Austin flow scene brings fire art, community to campus

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George Robertson breathes fire at the 21st Street Co-Op on Monday night. Gwam Puerta, 21st Street Co-Op “fire senpai,” and his group of friends perform fire shows at parties and special events hosted by the Co-Op.
Photo Credit: Zoe Fu | Daily Texan Staff

When international relations senior Gwam Puerta notices a dip in the party’s energy, he wets his hair, lathers his beard in Vaseline and sets a torch on fire — ready to bring the crowd to life.

Puerta is one of many students in a community of fire spinners, a form of flow art — or the practice of manipulating various props, such as staffs, hula-hoops and poi balls attached to the artist by a chain or string. Some artists practice with LED equipment, producing light shows with their movements, while others, like Puerta, spin, throw and breathe fire. 

“You’re not playing with fire; you’re dancing with fire,” Puerta said. “So when you’re out there, you’re in the moment. I’m not thinking much about anything. That’s the beauty of it.”

Puerta learned to spin fire three years ago at the 21st Street Co-Op, when a friend taught him some basic moves in a crash course. He said flow art helped him relieve stress, and he would often practice during study breaks. Over time, his moves became muscle memory, and he was able to practice with live flames. He and a group of friends started performing at parties and special events hosted by the Co-Op.

“It sounds scary at first, but once you get over [that fear], you’re safe,” Puerta said.

Today, Puerta is the 21st Street Co-Op fire master — more colloquially known as the fire senpai — and puts on the community’s fire shows, ensuring they run smoothly. He has also taught over 20 students at the Co-Op moves ranging from the butterfly, a move in which two poi are used to create the image of a butterfly’s wings, to more intricate ones, such as the three-beaded-weave, which produces two full circles of flames on each side of the performer’s body.

International relations senior Gwam Puerta practices fire spinning on Monday night. Zoe Fu | Daily Texan Staff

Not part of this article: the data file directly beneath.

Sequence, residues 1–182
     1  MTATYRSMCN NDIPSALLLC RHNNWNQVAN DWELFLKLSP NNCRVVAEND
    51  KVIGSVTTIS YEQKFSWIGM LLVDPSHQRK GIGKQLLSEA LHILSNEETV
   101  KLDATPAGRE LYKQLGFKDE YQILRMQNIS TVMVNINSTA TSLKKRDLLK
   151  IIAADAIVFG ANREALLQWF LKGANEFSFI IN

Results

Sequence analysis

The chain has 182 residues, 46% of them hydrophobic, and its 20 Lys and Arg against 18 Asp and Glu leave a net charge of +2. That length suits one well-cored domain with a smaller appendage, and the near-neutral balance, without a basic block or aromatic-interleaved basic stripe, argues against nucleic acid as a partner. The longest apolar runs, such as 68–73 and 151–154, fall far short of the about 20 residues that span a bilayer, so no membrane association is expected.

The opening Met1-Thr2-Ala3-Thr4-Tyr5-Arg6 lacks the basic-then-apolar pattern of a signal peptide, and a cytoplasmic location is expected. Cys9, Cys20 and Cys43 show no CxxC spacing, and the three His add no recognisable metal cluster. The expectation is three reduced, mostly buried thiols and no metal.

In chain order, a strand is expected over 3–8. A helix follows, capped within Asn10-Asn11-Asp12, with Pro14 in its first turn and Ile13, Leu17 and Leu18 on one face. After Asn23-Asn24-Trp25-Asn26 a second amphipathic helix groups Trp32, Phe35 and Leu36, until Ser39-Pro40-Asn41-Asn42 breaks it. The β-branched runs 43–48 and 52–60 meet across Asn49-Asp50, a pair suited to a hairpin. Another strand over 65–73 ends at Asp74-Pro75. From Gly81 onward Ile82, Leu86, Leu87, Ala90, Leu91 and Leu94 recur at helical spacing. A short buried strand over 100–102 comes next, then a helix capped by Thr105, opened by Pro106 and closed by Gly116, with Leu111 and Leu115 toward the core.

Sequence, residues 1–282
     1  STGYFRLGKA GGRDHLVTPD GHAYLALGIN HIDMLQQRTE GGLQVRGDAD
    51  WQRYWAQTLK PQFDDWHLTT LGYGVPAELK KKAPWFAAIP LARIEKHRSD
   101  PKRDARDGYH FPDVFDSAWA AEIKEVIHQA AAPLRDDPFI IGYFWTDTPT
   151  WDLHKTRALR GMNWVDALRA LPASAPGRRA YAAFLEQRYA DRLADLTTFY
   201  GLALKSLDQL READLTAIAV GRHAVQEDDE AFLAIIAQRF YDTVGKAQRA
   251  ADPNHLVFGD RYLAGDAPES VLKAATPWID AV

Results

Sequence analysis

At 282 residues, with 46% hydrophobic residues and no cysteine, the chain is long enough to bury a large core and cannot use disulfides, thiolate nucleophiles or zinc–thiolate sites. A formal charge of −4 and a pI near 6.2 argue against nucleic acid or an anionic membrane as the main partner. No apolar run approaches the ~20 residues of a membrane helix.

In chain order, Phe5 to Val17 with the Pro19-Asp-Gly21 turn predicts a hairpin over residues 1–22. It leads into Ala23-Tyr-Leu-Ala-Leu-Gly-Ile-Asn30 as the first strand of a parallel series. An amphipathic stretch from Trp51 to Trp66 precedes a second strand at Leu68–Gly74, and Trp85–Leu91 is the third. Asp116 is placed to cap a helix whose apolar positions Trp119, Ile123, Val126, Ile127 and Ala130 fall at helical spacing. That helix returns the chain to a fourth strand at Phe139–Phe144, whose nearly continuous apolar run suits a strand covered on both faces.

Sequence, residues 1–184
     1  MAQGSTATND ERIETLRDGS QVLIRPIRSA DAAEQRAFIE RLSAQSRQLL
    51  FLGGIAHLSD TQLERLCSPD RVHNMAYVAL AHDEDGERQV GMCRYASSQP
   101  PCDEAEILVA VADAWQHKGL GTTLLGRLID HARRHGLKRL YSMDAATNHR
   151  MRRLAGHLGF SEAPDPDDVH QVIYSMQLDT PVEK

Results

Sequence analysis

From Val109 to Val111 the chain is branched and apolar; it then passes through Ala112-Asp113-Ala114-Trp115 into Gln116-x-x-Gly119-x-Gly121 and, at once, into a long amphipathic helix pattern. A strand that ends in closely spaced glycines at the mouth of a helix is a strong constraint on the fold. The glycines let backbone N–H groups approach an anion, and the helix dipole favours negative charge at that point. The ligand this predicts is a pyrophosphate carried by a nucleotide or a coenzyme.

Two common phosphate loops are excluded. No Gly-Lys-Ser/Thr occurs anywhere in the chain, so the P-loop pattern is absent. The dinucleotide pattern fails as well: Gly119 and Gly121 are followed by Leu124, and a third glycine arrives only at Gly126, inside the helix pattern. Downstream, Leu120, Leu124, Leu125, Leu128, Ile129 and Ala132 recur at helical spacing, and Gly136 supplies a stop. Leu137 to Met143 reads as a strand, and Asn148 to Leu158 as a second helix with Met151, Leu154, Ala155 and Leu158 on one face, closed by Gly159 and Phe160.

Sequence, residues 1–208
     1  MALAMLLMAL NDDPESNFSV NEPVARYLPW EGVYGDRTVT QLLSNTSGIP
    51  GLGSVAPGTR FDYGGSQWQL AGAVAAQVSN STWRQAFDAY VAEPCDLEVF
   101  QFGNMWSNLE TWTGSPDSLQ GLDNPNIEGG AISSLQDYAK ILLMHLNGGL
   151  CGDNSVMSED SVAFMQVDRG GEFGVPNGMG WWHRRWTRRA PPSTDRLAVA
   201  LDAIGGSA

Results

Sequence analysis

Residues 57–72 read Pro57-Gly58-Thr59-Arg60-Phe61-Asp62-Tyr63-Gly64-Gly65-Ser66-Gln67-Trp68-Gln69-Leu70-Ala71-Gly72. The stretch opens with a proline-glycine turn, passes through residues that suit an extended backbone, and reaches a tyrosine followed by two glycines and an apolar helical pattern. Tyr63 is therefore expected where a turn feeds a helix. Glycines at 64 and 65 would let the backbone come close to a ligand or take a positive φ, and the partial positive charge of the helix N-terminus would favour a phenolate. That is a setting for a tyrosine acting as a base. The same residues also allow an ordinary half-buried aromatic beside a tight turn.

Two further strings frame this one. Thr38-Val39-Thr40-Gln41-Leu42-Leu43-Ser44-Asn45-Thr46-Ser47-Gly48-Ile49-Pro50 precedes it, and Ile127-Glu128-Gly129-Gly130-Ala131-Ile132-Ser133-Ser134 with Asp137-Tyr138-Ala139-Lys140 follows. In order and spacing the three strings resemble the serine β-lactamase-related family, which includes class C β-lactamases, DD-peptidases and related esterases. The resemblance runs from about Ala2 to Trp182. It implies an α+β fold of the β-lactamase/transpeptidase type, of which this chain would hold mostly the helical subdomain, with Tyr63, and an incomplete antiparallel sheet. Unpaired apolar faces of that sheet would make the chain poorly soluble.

Puerta taught UT alumna Alex Colella when she was living in the Co-Op last semester. Colella said it took her a month to feel comfortable graduating from her practice equipment, a sock stuffed with tennis balls, to a flaming poi.

Neither Colella or Puerta have seen a flow artist seriously injured during a performance. In order to maintain this level of safety, one person, whom they call the firefly, manages the fire-extinguishing equipment in case of emergency. ­­­Colella said the scariest part of spinning is the deafening sound of the poi, whizzing by her ears as she spins. 

“I was definitely nervous [at first],” Colella said. “You worry about whether you’re varying things up enough for people, but people don’t really care. People enjoy it regardless.”

The flow art scene expands beyond the UT campus. Colella is a member of Austin Flow Jam, a local community of over 800 artists who gather each Tuesday on the State Capital grounds. Co-creator Kira Bolin helped start the group with her boyfriend in June 2014 in an attempt to bring together a flow art community. Since then, the group has grown rapidly.

“Recently, Austin has started becoming one of the cities that has a huge flow scene,” Bolin said. “It’s hard to get in any other towns because it’s kind of different. We tend to be a more open-minded community than your regular go-to-bars-and-drink kind of people.”

Kat Massock, a member of the Austin Flow Jam, specializes in LED hula-hoops, which change colors with movement and can create over 300 different patterns. Massock said she is participating in a few flow art performances in the upcoming South by Southwest Music Festival, including an in-costume flash mob.

“I’ve been an artist most of my life, and I was always trying to find out what my medium [was] and how I could express myself,” Massock said. “I really found it in movement.”

Bolin said flow art has helped develop a community of like-minded people within Austin and helped her grow, personally, too.

“It’s changed the way I live and the way I think,” Bolin said. “I think it has to do with that meditative state you get in, where nothing else matters, and all you’re focusing on is what you’re doing in the moment. It really odes help us become better human beings.”